Green and blue water dimensions of foreign direct investment in biofuel and foodproduction in West Africa

The case of Ghana and Mali

Authored by: Fred Kizito , Timothy O. Williams , Matthew McCartney , Teklu Erkossa

Handbook of Land and Water Grabs in Africa

Print publication date:  August  2012
Online publication date:  September  2012

Print ISBN: 9781857436693
eBook ISBN: 9780203110942
Adobe ISBN:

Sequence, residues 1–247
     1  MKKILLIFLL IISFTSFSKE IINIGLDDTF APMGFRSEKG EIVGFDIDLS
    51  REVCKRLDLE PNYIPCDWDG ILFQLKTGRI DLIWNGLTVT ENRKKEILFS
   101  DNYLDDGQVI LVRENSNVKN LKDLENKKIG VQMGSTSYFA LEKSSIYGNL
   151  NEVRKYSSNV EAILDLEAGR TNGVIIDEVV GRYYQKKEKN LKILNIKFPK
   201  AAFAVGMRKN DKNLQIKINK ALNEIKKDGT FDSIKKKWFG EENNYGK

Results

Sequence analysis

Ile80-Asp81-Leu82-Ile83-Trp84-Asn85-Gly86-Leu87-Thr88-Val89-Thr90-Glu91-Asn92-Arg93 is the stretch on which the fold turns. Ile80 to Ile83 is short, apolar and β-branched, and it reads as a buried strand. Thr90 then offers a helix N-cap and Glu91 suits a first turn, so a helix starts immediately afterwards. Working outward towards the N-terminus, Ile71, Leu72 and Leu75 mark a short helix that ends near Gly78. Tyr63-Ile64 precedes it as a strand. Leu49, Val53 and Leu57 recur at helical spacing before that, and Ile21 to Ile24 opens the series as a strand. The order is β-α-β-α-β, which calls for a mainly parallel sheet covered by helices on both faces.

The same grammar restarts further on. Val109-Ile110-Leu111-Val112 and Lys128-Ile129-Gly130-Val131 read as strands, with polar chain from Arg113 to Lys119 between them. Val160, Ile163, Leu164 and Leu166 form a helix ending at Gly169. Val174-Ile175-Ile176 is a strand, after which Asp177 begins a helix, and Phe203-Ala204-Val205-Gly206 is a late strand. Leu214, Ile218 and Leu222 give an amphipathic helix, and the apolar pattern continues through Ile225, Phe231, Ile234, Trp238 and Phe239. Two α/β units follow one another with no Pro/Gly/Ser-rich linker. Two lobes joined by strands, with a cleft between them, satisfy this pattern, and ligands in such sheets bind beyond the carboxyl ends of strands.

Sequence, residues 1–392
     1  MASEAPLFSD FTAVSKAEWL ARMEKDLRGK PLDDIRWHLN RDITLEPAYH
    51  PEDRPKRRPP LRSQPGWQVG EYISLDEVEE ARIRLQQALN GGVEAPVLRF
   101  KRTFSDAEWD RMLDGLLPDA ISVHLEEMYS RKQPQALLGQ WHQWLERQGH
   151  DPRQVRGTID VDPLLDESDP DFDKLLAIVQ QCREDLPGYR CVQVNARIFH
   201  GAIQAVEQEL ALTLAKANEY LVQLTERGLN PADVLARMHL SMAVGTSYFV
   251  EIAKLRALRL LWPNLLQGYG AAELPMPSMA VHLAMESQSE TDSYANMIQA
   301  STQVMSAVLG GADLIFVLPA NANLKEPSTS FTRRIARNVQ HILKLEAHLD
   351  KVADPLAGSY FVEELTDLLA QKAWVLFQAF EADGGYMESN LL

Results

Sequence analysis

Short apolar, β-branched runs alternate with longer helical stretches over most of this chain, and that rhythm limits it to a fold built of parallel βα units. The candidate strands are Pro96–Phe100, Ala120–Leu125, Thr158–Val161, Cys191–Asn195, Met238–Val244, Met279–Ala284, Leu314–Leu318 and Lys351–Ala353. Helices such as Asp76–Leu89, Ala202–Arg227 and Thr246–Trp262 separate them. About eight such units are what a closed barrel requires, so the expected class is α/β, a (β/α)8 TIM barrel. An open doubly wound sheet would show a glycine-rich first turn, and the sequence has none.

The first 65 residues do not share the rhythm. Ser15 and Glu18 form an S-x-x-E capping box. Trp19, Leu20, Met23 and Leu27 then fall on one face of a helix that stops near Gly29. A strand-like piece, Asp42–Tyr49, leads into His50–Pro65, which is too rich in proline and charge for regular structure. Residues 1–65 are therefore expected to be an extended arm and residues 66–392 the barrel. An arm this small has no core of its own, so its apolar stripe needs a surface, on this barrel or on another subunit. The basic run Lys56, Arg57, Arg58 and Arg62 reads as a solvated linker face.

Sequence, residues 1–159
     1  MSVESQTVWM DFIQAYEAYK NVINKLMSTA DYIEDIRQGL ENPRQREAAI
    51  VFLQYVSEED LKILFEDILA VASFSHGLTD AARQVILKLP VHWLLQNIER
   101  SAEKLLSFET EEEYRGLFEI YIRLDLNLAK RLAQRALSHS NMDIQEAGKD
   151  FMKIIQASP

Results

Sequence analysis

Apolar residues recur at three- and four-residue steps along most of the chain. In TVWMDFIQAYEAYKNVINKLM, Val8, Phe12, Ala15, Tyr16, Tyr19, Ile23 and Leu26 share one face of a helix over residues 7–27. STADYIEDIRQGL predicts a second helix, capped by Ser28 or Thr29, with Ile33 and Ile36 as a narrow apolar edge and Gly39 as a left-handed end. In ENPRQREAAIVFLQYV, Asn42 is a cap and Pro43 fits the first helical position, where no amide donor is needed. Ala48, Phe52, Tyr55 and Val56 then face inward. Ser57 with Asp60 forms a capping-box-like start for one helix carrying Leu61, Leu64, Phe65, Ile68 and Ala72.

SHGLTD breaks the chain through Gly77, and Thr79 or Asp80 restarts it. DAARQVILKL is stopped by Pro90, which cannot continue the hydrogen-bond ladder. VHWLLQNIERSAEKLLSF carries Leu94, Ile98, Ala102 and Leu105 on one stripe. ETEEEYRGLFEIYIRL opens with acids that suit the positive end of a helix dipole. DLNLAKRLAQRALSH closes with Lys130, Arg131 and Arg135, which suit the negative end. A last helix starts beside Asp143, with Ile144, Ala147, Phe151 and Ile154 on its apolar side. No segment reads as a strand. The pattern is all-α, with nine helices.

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West Africa in recent years has witnessed a new post-colonial wave of large-scale land acquisitions (LSLAs), predominantly by foreign investors, for the cultivation of biofuel and food crops. The growth drivers of these foreign direct investments (FDI) in agriculture are numerous and varied and have been extensively reviewed in recent studies (Cotula et al. 2009; Von Braun and Meinzen-Dick 2009; World Bank 2010; Zoomers 2010). Recipient governments in countries (e.g. Mali and Ghana) that have received FDI have welcomed and viewed it as a way of transforming their poorly performing agricultural sector through the infusion of capital, modern technology and infrastructure (Cotula et al. 2009; Diallo and Mushinzimana 2009; Ahwoi 2010; Oakland Institute 2011). None the less, questions remain about the long-term viability of these large-scale investments and the plantations they have spawned and about their consequences on national food security, local livelihoods and water use, including effects on ecosystem services.

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